Is there another way to do it? How do we know if the treatment’s working? Are there support programs? Are there clinical trials? Are there organizations, Cancer Support Community, Leukemia & Lymphoma Society, co-pay assistance groups that line up with my situation? Should I be in a clinical trial? Is that offering me maybe tomorrow’s medicine today, new hope? And does it have some economic advantages, as well?

Dr. Nichols:      

Can I make a pitch that…

Andrew Schorr:

…yes, ma’am!

Dr. Nichols:      

You have a clinical trial navigation service that is free for patients. And that has…where if you wanna learn about clinical trials, we can curate a list for you to bring back to your physician; we can also talk to physicians and help them if they have a patient they need to navigate. I know that it’s hard to go through clinicaltrials.gov and look for a trial for a patient.

I would urge people to consider that if they wanna learn about clinical trials or have…

Andrew Schorr:

…amen! I’ve been in two, and it’s been a big thing for me, and I really appreciate it, I would always urge people to look into that. So, we haven’t solved the problem here, we’ve made some suggestions. So, on the one hand, there's very encouraging medical progress here, okay? And really, you didn't wanna have to do this to have to speak out so much, but you and your family do need to get smarter about this so you get what's right for you, and also look for resources so you don't have to break the bank with state-of-the-art cancer care today. And there's support from industry, support from foundations, support form resources, and hopefully, every doctor is like Kathleen Toomey.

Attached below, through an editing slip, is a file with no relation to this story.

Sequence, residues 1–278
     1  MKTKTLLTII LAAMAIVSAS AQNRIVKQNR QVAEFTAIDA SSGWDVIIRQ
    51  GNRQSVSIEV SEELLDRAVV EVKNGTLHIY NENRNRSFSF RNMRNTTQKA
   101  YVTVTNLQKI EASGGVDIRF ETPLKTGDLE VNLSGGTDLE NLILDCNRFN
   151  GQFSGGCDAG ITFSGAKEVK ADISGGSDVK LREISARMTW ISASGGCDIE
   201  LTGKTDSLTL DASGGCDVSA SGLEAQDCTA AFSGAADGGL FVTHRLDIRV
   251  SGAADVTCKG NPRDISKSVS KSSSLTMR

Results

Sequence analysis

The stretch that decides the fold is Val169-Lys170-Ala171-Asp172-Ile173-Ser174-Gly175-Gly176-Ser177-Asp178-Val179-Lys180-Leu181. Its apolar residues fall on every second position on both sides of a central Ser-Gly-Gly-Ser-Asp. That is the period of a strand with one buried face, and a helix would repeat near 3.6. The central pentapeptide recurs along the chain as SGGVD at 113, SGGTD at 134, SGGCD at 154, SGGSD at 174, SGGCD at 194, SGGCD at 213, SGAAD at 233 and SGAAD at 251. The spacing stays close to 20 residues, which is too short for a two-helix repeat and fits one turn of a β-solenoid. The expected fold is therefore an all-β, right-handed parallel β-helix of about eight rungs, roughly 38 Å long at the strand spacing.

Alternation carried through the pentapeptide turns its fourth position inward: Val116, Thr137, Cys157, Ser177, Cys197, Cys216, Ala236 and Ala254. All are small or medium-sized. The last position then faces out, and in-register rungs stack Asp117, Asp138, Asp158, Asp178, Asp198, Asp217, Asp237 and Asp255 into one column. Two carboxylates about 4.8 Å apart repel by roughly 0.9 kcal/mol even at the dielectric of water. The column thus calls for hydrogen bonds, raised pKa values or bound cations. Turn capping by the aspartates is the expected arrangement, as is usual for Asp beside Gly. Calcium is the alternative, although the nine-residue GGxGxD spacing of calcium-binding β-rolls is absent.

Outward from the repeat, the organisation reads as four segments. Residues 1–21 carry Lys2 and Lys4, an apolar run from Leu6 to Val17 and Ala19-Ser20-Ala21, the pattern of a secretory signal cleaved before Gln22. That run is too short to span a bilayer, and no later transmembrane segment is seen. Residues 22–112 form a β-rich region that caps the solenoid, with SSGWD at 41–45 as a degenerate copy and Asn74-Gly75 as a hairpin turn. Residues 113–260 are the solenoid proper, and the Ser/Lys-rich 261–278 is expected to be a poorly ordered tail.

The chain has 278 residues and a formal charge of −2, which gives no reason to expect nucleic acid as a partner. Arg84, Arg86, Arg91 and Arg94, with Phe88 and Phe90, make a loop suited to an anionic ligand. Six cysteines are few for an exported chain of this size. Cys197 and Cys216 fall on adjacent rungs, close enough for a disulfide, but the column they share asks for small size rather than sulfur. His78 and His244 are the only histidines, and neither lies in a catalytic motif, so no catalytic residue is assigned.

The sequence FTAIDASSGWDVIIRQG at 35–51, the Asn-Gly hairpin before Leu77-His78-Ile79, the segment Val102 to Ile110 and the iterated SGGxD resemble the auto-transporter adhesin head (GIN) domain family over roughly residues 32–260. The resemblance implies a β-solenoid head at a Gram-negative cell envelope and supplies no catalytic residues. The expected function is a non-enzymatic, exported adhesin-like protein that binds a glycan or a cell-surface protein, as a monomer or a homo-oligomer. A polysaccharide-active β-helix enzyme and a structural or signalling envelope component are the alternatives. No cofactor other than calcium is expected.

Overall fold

Dr. Toomy:      

Yeah, well…

Andrew Schorr:

…she is committed to you. I wanna thank you all for being with us. Dr. Kathleen Toomey from New Jersey, thank you…

Dr. Toomy:      

You’re welcome.

Andrew Schorr:

.for being with us. Hildy Dillon, our old friend from Cancer Support Community, thank you for what you…

Hildy Dillon:     

Old—old not in age.

Dr. Nichols:      

No, not old.

Hildy Dillon:     

Not in age.

Andrew Schorr:

Too many years. My friend, Larry Saltzman. Dr. Larry Saltzman…

Dr. Saltzman:   

Thank you.

Andrew Schorr:

..you’re living with chronic lymphocytic leukemia, keep going, running, and I’m glad you’re doing so well…

Dr. Saltzman:   

Thank you.

Andrew Schorr:

…with modern medicine.

Dr. Saltzman:   

Thank you.

Andrew Schorr:

And Dr. Gwen Nichols from The Leukemia & Lymphoma Society, thanks for your dedication, Gwen.

Dr. Nichols:      

Thank you.

Andrew Schorr:

And we’ll all raise our voices together.

Dr. Nichols:      

Yes, please, join us!

Andrew Schorr:

A great discussion! Join us, speak up, and we hope that you can get the best medicine for you or a loved one. I'm Andrew Schorr, remember: knowledge—like we’ve been doing today—can be the best medicine of all.

Please remember the opinions expressed on Patient Power are not necessarily the views of our sponsors, contributors, partners or Patient Power. Our discussions are not a substitute for seeking medical advice or care from your own doctor. That’s how you’ll get care that’s most appropriate for you.

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Page last updated on January 18, 2019